To do so, the city referenced the Personal Responsibility and Work Opportunity Reconciliation Act (PRWORA), a federal statute enacted in 1996 that stipulates “an alien who is not a qualified alien” cannot receive any federal public benefit, unless certain exceptions apply.
Phoenix said the COVID-19 relief funds were a federal public benefit that required any applicants to provide “proof of qualified legal status in the U.S.”
This excluded recipients of the Deferred Action for Childhood Arrivals program, people with Temporary Protected Status, asylum applicants and U-Visa holders who are victims of serious crimes from accessing the funds, according to the complaint from Poder.
“As a result of the City’s unlawful restriction, immigrants who otherwise would qualify to participate in the program may lose their homes, be evicted, or have their utilities shut off,” the complaint read.
Danny Adelman, an attorney with the Arizona Center for Law in the Public Interest, said that other cities and jurisdictions did not impose the same restrictions as Phoenix when it came to disbursing funds.
But exceptions also exist under the law, exceptions which Poder said should have applied in this situation.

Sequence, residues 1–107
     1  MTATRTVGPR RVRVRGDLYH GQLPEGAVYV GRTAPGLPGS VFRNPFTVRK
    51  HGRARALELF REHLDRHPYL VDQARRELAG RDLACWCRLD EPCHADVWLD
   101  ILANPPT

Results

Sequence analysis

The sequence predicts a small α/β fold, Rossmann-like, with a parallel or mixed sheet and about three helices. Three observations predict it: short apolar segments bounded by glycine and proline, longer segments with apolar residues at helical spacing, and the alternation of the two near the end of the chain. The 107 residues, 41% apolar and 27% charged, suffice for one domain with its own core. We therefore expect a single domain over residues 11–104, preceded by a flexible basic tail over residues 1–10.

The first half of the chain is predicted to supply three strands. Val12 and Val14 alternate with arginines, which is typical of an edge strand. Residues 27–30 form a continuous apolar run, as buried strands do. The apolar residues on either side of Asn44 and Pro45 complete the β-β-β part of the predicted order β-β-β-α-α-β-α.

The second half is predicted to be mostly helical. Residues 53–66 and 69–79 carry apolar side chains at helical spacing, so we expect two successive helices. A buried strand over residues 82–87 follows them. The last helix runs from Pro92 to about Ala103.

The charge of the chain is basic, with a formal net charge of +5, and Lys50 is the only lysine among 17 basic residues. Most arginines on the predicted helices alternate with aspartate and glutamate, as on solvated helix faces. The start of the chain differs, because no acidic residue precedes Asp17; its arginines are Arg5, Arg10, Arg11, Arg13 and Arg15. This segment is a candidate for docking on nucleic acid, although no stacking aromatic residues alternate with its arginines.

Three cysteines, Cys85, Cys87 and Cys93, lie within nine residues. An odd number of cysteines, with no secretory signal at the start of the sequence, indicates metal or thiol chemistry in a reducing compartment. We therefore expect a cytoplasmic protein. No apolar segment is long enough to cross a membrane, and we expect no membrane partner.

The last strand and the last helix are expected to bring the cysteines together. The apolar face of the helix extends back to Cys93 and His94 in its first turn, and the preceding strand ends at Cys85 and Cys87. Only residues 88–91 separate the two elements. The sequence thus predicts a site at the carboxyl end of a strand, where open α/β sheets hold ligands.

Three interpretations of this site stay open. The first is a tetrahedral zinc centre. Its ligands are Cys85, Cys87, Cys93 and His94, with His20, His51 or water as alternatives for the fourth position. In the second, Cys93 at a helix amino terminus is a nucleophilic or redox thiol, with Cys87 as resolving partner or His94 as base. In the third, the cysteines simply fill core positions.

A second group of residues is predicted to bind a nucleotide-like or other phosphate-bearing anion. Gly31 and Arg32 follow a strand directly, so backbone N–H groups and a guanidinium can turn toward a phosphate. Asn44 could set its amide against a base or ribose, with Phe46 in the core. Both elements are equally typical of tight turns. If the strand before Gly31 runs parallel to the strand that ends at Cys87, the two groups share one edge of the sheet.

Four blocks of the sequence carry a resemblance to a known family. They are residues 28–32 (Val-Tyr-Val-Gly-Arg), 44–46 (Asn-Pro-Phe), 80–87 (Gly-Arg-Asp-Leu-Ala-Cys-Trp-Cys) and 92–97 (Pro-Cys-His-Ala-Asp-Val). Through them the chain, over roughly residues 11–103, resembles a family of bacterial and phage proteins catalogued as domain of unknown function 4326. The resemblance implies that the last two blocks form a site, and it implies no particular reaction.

Poder contended that the COVID-19 relief funds fall under a PRWORA exception for “short-term, non-cash, in-kind emergency disaster relief.”
Judge Lanza agreed.
“There is no dispute that the Program delivers benefits that are ‘short-term’ in duration,” he wrote in his findings. “Nor is there any dispute that the Program qualifies as ‘emergency disaster relief.’”
Adelman, who represented Poder in its case against the city, said Poder attempted to explain the exemptions to the city before they implemented the policy, but that it would not change its position.
“We always believed that was wrong. It really left us no choice but to go to court,” he said. “We were right all along.”
What’s next for those seeking relief?
According to court filings, Phoenix said it would allow immigrants to participate in the program following any declaratory judgement against them, which Lanza granted on Wednesday.
In a statement posted to Twitter, Poder said that all immigrants who previously could not apply for relief funds should be allowed to apply for relief funds with no immigration verification by tomorrow.
According to Adelman, Phoenix had said explicitly that it would instruct its employees in charge of the emergency relief program to stop imposing the requirement for immigrants.
“There are people that need to get informed, so it should happen immediately, whether that’s today or tomorrow,” Adelman said.
As of Wednesday afternoon, the only eligibility requirements listed on Wildfire were that applicants be residents of Phoenix and that they were financially impacted by the pandemic.
The financial assistance for rent and utilities is only available through Dec. 30, so Adelman said individuals should apply for assistance as soon as possible.
“It’s very important that people who have been harmed by COVID financially apply as quickly as they can,” he said.